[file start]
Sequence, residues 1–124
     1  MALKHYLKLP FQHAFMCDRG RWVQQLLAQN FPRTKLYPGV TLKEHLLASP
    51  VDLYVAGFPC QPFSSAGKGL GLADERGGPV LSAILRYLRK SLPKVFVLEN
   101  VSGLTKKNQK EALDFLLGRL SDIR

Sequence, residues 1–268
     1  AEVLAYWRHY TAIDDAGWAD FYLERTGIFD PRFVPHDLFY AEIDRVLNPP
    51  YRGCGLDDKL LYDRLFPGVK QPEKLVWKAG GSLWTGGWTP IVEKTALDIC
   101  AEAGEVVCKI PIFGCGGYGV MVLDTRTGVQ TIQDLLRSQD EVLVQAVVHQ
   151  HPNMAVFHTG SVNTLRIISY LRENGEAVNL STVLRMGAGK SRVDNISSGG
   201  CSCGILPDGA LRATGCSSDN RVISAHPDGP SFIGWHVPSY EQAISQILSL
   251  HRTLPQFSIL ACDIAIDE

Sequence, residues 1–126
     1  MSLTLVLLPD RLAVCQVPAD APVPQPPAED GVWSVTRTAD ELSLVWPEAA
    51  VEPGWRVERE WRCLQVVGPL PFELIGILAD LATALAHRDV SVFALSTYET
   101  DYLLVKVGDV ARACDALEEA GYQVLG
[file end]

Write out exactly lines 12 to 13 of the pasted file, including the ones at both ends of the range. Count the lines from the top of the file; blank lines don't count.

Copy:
Sequence, residues 1–126
     1  MSLTLVLLPD RLAVCQVPAD APVPQPPAED GVWSVTRTAD ELSLVWPEAA